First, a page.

Do You Have the Right Insurance Agent?

When first asked to write about what a medical professional should look for in an insurance agent, I thought that a web-link to RGI would suffice; however, that whimsical thought soon gave way to the seriousness of the question. After all, insurance is perhaps the greatest long-term expense that a physician will have during the…

When first asked to write about what a medical professional should look for in an insurance agent, I thought that a web-link to RGI would suffice; however, that whimsical thought soon gave way to the seriousness of the question. After all, insurance is perhaps the greatest long-term expense that a physician will have during the course of a career and, when the insurance is needed, having the right coverage and representation is critical. Since the right agent can save you money and help assure proper protection, diligence in selecting that agent deserves significant attention.

There are three equally important components: the agent, the agency and the carrier. A medical professional needs to carefully weigh the merits of each in arriving at a decision as to the placement of his or her insurance.

When it comes to the agent, I would suggest taking the same approach as in the selection of a doctor. Since the agent represents the “relationship”, the acronym “CARE” comes to mind: Considerate, Accessible, Responsible, Experienced.

Considerate

Is the agent considerate of your time? Does the agent understand the pressures of your practice? Is the agent willing to handle applications quickly and efficiently? Are meetings scheduled for your convenience?

Accessible

Does the agent provide you with emergency contact numbers? Can you easily reach the agent? Does the agent return calls and answer e-mails on a timely basis? Does the agent have an appropriate and experienced service staff to handle your concerns when necessary?

Responsible

Does the agent follow through? Are promises kept? Does the agent proactively contact you with information relating to your coverage? Do you feel that you can trust the agent to best represent your needs?

Experienced

Does the agent understand the unique aspects of the medical industry's risks and exposures? Is the agent a “specialist” in the medical profession, or a generalist that serves many different industries? Does the agent participate in medical association meetings and events? Does the agent participate in educational opportunities to improve medical expertise?

All of the four categories are important in selecting an agent, but I feel most strongly about the experience and expertise. In the case of a heart attack, I want the best cardiologist providing my treatment and care.

The Agency

The agency's infrastructure provides the consistency in the services you receive; therefore, it is essential to review the capabilities and strengths of the agency, as well as the agent. Does the agency provide resources beyond the operational aspects of processing the applications, policies and claims? Does the agency proactively provide resources (advisories, newsletters, seminars, workshops, etc.) to help you manage your risks? Is the staff trained and experienced in handling the needs of medical professionals? Like the agent, does the agency “specialize” in the medical industry – or is it a generalist trying to serve anyone that needs insurance.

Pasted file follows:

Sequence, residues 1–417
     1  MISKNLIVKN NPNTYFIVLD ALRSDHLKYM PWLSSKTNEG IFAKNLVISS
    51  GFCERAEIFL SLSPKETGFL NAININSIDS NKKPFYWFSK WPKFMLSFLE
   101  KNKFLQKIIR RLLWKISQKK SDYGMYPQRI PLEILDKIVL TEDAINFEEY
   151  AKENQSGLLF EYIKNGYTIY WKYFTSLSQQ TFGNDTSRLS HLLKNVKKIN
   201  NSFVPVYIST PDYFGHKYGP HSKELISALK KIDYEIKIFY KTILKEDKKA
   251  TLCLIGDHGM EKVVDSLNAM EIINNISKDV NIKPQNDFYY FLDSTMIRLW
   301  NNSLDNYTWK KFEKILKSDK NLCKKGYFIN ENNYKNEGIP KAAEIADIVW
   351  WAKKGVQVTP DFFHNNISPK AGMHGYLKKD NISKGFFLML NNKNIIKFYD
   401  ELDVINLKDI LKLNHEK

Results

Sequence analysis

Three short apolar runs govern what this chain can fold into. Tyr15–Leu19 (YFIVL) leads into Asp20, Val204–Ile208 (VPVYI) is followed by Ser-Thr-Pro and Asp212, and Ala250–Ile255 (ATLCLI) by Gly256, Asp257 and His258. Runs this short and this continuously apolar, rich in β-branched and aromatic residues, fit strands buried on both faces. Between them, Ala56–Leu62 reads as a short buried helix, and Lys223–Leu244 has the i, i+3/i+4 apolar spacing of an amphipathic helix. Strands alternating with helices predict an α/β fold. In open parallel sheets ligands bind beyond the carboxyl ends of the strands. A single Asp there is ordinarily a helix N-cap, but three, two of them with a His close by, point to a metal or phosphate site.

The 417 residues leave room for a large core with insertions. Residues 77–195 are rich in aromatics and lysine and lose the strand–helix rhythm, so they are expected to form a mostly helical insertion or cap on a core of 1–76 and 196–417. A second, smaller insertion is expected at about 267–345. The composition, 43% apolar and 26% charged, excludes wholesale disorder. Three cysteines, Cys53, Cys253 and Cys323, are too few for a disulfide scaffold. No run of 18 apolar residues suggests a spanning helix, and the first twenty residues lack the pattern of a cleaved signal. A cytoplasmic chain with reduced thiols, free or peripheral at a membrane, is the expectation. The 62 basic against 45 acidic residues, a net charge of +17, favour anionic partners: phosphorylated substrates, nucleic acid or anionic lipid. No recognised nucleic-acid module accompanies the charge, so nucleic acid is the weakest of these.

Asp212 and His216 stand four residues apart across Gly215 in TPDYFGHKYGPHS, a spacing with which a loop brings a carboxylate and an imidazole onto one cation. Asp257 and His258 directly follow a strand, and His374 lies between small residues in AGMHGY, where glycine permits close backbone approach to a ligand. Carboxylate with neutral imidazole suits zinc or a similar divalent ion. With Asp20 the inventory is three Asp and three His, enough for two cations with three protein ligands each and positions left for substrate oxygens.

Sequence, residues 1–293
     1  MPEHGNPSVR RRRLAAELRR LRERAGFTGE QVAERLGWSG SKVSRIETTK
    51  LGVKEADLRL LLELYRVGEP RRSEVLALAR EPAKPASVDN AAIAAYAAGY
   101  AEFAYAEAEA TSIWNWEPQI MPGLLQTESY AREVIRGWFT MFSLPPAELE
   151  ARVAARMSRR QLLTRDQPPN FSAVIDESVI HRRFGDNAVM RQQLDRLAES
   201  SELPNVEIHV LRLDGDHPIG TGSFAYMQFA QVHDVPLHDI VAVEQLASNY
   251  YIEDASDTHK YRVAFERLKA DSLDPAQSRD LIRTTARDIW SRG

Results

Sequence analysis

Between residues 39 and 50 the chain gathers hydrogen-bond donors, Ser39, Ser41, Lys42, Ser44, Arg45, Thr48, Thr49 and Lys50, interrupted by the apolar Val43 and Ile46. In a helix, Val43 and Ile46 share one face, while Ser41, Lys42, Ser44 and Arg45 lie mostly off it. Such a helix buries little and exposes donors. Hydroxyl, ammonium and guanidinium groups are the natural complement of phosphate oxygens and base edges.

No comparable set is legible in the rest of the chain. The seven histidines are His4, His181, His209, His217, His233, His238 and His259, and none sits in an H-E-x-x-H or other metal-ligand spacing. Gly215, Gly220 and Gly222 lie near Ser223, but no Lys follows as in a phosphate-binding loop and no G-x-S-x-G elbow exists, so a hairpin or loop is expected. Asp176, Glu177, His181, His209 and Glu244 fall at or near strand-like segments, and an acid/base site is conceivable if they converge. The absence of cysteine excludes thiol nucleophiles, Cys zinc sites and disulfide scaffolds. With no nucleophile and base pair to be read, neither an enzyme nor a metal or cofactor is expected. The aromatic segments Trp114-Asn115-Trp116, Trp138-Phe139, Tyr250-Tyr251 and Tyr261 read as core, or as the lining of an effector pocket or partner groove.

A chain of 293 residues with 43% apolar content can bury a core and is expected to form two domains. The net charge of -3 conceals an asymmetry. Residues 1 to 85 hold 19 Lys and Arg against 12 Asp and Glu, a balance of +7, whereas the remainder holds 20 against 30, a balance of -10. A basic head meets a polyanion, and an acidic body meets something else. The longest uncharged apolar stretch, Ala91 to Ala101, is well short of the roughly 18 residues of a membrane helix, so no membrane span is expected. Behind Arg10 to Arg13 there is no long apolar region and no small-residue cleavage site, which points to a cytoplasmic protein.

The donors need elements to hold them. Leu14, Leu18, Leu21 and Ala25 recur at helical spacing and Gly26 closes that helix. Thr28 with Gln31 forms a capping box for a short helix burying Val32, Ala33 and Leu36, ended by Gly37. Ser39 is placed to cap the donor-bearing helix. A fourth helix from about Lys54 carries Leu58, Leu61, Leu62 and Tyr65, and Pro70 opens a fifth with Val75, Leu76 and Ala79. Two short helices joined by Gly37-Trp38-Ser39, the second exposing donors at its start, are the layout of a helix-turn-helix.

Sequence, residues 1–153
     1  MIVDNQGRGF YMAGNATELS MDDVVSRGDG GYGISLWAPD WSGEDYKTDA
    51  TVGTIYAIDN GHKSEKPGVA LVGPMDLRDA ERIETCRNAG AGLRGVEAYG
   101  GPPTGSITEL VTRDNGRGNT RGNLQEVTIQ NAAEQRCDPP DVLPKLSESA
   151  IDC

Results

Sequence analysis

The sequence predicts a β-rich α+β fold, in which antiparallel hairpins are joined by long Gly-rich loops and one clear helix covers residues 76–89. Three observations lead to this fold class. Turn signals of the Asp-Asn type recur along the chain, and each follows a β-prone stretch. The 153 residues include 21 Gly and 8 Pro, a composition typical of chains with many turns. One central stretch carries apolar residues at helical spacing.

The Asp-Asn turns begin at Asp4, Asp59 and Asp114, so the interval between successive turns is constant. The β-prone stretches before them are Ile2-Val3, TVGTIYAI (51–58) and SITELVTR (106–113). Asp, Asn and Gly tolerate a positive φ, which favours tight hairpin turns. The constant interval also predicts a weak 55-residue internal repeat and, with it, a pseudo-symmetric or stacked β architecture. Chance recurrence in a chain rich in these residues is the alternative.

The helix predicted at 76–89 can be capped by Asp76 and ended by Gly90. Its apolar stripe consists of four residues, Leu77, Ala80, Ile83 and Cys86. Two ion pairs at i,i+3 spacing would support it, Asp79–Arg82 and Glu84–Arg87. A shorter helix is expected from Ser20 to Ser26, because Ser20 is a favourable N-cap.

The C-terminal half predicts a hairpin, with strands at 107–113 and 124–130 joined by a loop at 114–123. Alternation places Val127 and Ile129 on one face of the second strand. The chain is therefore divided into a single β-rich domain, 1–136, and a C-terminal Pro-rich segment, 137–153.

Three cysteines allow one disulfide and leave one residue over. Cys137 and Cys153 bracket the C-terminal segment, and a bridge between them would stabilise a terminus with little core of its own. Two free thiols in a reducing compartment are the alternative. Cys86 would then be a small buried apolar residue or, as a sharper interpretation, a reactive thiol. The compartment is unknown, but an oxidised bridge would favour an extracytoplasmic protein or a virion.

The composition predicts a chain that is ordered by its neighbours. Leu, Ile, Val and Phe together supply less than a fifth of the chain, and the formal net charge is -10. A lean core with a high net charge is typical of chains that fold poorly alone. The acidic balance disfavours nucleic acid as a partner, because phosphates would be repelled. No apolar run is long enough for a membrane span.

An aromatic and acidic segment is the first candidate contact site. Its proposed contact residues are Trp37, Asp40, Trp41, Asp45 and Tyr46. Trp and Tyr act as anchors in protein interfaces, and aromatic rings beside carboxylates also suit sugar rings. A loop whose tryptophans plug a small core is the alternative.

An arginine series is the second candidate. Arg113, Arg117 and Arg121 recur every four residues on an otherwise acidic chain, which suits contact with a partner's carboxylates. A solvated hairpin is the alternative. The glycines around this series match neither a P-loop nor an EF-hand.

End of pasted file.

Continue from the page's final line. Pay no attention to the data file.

Due to the importance of time, there is another factor to consider. Can the agency handle all of your insurance needs from medical malpractice through workers' compensation and group benefits? If one agency can respond to all of your needs, you have eliminated the need to select and interact with multiple insurance agents on an ongoing basis.

The Insurance Company

Since the bulk of the money you spend for insurance goes to the insurance company in anticipation that you will need their protection at some point in the future, choosing the right insurance company can mean the difference between solid protection when you need it and flushing 10s or 100s of thousands of dollars away in exchange for what you thought was a good short term savings.

Critical considerations include the financial strength and stability of the carrier. Since many carriers serve multiple markets or industries, consider its longevity and consistency in offering the insurance product you are purchasing to the medical profession. What reputation does it have in defending doctors and handling claims? Like the agency, does it provide resources to assist clients in the management of their risk?

Several years ago, an advisory board of our agency's clients told us their biggest concern – and it was not the price of the premium. They wanted to know that the insurance carrier would provide a formidable defense against claims made against them. Defending an attack on their reputation was significantly more important than anything else. Does the company you select have a reputation for mounting a strong defense?

Along with all of the normal due diligence, talk to your peers. Do they have experience with the agent, the agency or the carrier? Would they recommend them to you?

Before investing in a company, legendary investor Warren Buffett asks himself three questions: Do I like them? Do I respect them? Do I trust them? If he can not answer all three questions in the affirmative, he does not invest in the company. Do you like, respect and trust your insurance agent, agency and carrier? Do you feel that they are the best to represent your needs, now and in the future? You should, because your future could very well depend on your decision!